In practice, this means project managers must involve quality professionals in the initial project planning meetings, making use of their expertise in designing and monitoring metrics and processes, and ensuring that the entire product development team understands that the quality team has just as much “skin-in-the-game” as any other development role. For quality professionals, this means you can’t simply point out failures in process or product after the fact; you must be willing to be integrally involved in designing those processes and products to ensure quality is built in from the start. Yes, this is more work. Yes, this is sometimes very hard to do. However, it’s one of the best ways I know to reduce that working frustration between the two disciplines.
2. Personality and viewpoint differences build strength.
I’m willing to bet if you asked a room full of project managers and quality professionals, most of the quality professionals would admit to colouring inside the lines in elementary school art class, and a fair number of the project managers would admit to the opposite. Each of the professions attracts some key personality traits. Some of these traits are similar; both professions naturally prefer order over chaos. Some of these traits, however, are quite different, and yet all viewpoints are required for success.
For example, the best project managers I know demonstrate an understanding of how to just barely colour inside the lines. This means the ability to see and understand the rules, the ability to create and follow a detailed project schedule, while simultaneously using charm and creativity to convince people to get things done. It’s a balancing act that requires the willingness to break the rules, and the knowledge of when it is safe and best to do so. On the other hand, the best quality professionals I know combine an understanding of why the best results require adherence to the standards, along with the ability to share that knowledge in a way that’s meaningful to others. So while the best project managers inherently push the limits of a framework, the best quality professionals strengthen those limits. Recognize and encourage the value of these different views, and frustration will decrease.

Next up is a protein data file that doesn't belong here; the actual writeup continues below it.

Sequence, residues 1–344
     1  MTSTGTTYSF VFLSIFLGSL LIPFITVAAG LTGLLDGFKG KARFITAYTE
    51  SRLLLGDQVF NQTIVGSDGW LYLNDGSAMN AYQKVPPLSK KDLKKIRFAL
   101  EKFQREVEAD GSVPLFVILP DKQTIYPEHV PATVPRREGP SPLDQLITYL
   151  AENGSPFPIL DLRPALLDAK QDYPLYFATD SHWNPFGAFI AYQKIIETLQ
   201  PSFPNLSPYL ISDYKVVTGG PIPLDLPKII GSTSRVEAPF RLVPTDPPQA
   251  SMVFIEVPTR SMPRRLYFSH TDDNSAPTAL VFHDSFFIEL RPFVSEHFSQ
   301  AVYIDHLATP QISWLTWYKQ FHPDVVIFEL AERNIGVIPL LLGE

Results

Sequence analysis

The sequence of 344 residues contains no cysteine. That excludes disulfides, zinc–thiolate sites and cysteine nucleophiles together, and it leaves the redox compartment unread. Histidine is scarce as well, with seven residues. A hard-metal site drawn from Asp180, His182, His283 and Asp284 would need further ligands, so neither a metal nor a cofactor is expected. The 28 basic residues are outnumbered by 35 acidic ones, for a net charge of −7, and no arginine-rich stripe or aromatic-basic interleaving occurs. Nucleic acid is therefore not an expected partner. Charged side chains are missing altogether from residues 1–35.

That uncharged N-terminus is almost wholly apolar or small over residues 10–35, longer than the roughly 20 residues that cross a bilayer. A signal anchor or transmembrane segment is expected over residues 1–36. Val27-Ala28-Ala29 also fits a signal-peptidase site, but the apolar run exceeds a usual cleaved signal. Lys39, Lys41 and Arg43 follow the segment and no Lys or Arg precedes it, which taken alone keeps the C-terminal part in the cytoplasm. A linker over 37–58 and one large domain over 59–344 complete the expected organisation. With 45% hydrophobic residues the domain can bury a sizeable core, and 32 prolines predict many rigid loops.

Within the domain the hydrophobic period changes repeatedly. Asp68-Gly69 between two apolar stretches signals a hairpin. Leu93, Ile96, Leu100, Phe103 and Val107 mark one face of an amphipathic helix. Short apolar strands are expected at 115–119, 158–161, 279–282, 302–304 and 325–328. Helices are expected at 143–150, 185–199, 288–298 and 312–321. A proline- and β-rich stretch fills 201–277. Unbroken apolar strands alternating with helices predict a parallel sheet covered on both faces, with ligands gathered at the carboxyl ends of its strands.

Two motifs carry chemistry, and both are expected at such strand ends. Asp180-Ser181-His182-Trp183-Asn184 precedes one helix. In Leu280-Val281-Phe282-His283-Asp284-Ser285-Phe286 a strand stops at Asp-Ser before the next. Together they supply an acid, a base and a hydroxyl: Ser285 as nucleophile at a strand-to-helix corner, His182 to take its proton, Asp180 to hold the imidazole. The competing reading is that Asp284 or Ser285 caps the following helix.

3. All frameworks are good, even if they are different.
From the project management viewpoint, quality standards are boring statutes that get in the way of getting the work done quickly and effectively. From the quality viewpoint, quality standards are the framework ensuring the work will get done in a way that produces a quality product every time. Just as project management operates within various frameworks (PMBOK, agile, etc), so does quality. These frameworks are complementary, not adversarial, and the more clearly both sides can come to see how to make use of each others’ frameworks, the more effectively product development will achieve corporate goals.
Practically speaking, this means to hold “pizza and pain” lunches jointly with project management and quality to share issues and concerns. It’s also important for project managers to learn about and understand changes to quality standards relating to project management. And for quality professionals to learn about and understand changes to project management standards relating to quality.
The intersection of quality and project management is key for the effective development of new products, new markets, and new opportunities. Programs focused on developing understanding between these two disciplines can help promote both corporate and personal career success. In the upcoming weeks, we will be offering classes and articles on understanding the new project management guidance for ISO9000, plus other topics of interest to both quality professionals and project managers. Stay tuned, and in the meantime, please tell me about your project management and quality challenges.
More stories, examples, and project management tips in Project Management: Getting Things Done training course.
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Karen Creditor has practical experience as a project management executive who has lead project management offices and successfully managed million dollar technical programs for enterprise level companies, including Monsanto, Peabody Energy, Research in Motion, and Marsh Company.
Karen also is an inspiring teacher, passionate about applying new learning to achieve business and personal success. She has taught in the Applied Science and Engineering Programs at Washington University in St. Louis and Conestoga College Institute of Technology and Advanced Learning in the Department of Business.